Fri
Feb 21 2014 11:00am

The Locke & Key Reread: “Clockworks” (Vol. 5)

Locke & Key ClockworksWelcome back to the reread of Joe Hill and Gabriel Rodriguez’s dark comic series, Locke & Key! The fifth installment, “Clockworks,” joins Kinsey and Tyler on a little (okay, maybe not so little) trip through time as they observe the history of their family and those magical keys which led to the events that have been unfolding in the series. Hill and Rodriguez focus the majority of the story entirely in the past of the Locke family; how the keys came to be created and how Lucas Carvaggio, Rendell Locke’s best friend came to be the antagonist of the series, the creature known as Dodge.

In other words, after learning about the Locke children of the present in the previous four volumes, we get the origin story of why things are going bad for them now. This reread contains spoilers (both for the past and the present) so proceed at your own risk.

What Happens: The story begins with ancestors of Locke family, Benjamin and Miranda, witnessing their parents’ hanging in 1775 when Keyhouse Manor and the grounds are hosting British troops. Hosting is a lenient term since the Lockes have little choice in the matter. The Lockes are also hiding a number of soldiers, traitors to the Crown, in the Drowning Cave. The siblings Miranda and Benjamin make their way in secret to the Drowning Cave where the Black Door is discovered, opened, and a Demon enters our world. The demon possesses one of the men and drives him to murder before the door can be closed. Benjamin, a locksmith, fashions the demon corpse into a lock and key (the Omega Key) which keeps the Black Door closed. In the very last panel of this issue, Tyler and Kinsey appear as ghosts/spirits to observe this intro.

In the present, Dodge is inhabiting the body of Bode, which provides a terror the reader alone holds. Well, and also maybe Bode’s friend who is quickly pushed in front of an oncoming school. For remainder of the issue, the Locke siblings deal with Kinsey’s escaped emotions, which were released to escape by Bode-Dodge. The escaped emotions enter Tyler’s head and start to ‘fight’ with Tyler’s symbolic memories, which drive Tyler to think he needs to burn down Keyhouse Manor. Kinsey saves the day and the siblings unlock Tyler’s head, picking out Kinsey’s memories and placing them back inside her head.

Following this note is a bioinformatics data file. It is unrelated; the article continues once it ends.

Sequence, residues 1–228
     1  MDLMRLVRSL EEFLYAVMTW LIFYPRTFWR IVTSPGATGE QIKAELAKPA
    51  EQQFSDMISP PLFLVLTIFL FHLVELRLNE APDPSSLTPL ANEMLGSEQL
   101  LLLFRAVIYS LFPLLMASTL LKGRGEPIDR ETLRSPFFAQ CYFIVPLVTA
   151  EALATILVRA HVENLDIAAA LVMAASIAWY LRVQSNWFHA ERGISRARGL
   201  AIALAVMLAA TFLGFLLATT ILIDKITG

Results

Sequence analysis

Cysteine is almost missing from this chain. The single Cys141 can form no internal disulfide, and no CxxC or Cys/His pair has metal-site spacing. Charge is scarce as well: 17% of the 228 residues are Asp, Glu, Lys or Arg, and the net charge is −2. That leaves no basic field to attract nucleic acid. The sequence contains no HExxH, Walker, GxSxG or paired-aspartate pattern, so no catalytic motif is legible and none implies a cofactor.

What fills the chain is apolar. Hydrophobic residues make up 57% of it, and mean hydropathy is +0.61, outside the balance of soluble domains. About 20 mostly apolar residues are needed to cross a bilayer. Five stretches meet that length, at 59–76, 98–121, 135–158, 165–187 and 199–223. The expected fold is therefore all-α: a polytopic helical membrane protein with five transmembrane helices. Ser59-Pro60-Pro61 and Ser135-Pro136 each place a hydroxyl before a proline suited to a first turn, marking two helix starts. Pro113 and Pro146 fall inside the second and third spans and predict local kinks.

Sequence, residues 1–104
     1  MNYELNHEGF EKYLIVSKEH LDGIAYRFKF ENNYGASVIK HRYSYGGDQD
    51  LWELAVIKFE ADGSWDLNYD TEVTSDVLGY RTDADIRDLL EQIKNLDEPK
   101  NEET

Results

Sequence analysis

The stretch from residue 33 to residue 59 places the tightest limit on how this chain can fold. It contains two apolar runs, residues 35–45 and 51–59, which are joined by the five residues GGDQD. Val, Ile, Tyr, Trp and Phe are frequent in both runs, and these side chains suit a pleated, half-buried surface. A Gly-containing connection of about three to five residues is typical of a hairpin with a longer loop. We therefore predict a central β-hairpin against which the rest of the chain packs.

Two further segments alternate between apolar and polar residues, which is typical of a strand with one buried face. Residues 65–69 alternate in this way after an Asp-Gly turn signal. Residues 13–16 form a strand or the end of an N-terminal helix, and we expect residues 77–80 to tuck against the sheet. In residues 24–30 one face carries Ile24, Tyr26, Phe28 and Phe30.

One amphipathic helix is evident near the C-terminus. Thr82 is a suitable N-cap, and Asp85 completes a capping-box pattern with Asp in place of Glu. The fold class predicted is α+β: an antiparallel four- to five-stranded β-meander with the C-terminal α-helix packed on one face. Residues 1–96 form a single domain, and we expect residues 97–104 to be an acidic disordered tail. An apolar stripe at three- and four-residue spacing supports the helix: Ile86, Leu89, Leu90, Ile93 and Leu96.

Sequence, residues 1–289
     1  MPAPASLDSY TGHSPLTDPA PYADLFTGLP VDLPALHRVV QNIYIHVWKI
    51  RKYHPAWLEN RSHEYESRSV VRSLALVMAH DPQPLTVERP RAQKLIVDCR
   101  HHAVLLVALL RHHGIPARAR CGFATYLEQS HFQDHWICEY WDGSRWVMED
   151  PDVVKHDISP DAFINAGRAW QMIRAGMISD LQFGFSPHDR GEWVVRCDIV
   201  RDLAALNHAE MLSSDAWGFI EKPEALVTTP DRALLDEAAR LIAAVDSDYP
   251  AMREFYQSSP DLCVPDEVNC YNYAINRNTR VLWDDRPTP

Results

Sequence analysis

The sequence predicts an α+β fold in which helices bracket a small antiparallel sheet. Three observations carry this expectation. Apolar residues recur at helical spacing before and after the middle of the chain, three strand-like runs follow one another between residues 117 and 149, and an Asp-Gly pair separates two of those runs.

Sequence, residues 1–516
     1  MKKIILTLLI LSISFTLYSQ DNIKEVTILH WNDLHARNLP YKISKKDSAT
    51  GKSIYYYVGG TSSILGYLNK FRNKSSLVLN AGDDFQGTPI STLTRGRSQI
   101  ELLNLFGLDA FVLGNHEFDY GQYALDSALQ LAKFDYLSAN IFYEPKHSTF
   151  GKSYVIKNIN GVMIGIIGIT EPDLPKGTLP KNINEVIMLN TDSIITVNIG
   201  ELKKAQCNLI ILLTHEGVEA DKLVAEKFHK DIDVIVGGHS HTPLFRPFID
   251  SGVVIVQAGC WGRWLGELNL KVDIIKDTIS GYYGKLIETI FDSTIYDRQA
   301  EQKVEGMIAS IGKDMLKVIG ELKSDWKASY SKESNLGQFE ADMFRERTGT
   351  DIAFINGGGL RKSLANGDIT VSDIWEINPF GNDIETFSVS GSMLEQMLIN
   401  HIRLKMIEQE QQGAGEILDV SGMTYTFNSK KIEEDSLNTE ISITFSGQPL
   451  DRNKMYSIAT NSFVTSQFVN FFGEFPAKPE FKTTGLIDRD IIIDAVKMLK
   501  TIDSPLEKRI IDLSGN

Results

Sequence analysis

Kinsey and Tyler discover the Timeshift Key during the struggle to set things right when they crash into a grandfather clock and the key falls from atop it. Once inserted into the clock, the key allows them to travel through time as ghostly observers. Ty and Kinsey discover the most recent date they can visit is 1999, since the key was not made to account for the Y2K bug. More importantly, they learn more about their father and the Keepers of the Keys (Mark Cho, Lucas Caravaggio, Kim Topher, Erin Voss, and Ellie Whedon) when they travel to the 1988. Rendell and his friends call themselves the Tamers of the Tempest after using the keys to stage a grand production of The Tempest, reveling in the powers the keys can impart. Mark Cho’s friend—a critic—who promised to show up, does not appear. Kim is angered as she saw this play as her way out of Lovecraft; she lashes out by demeaning Mark and the situation in general. Luke tries to play peacemaker and get his friends under control.

The Keepers learn is that once they become adults, they forget about the power of the keys and even the keys themselves. This is called the “Riffle Rule,” named after Hans Riffle. Rendell plans to craft a key that will circumvent the rule, which requires opening the Black Door to free a demon and claim its Whispering Iron. Of course this does not go well. When Rendell and his friends initially attempt to enter the Drowning Cave, Duncan tries to go with them. Lucas makes the young boy promise not to follow, which Duncan does…sort of. As the Keepers arrive at the Black Door, Duncan appears after using the Anywhere Key.

When the door opens, Lucas is mesmerized by what he sees inside and is possessed by a demon from the other side of the Black Door. His friends notice a difference in the young man; his demeanor, which was once carefree, affable, loving, and warm, has become cold, biting, and mean-spirited. They soon realize very little of the person they knew as Luke remains and aim to kill him, first removing many of his memories, including the memory of the Black Door.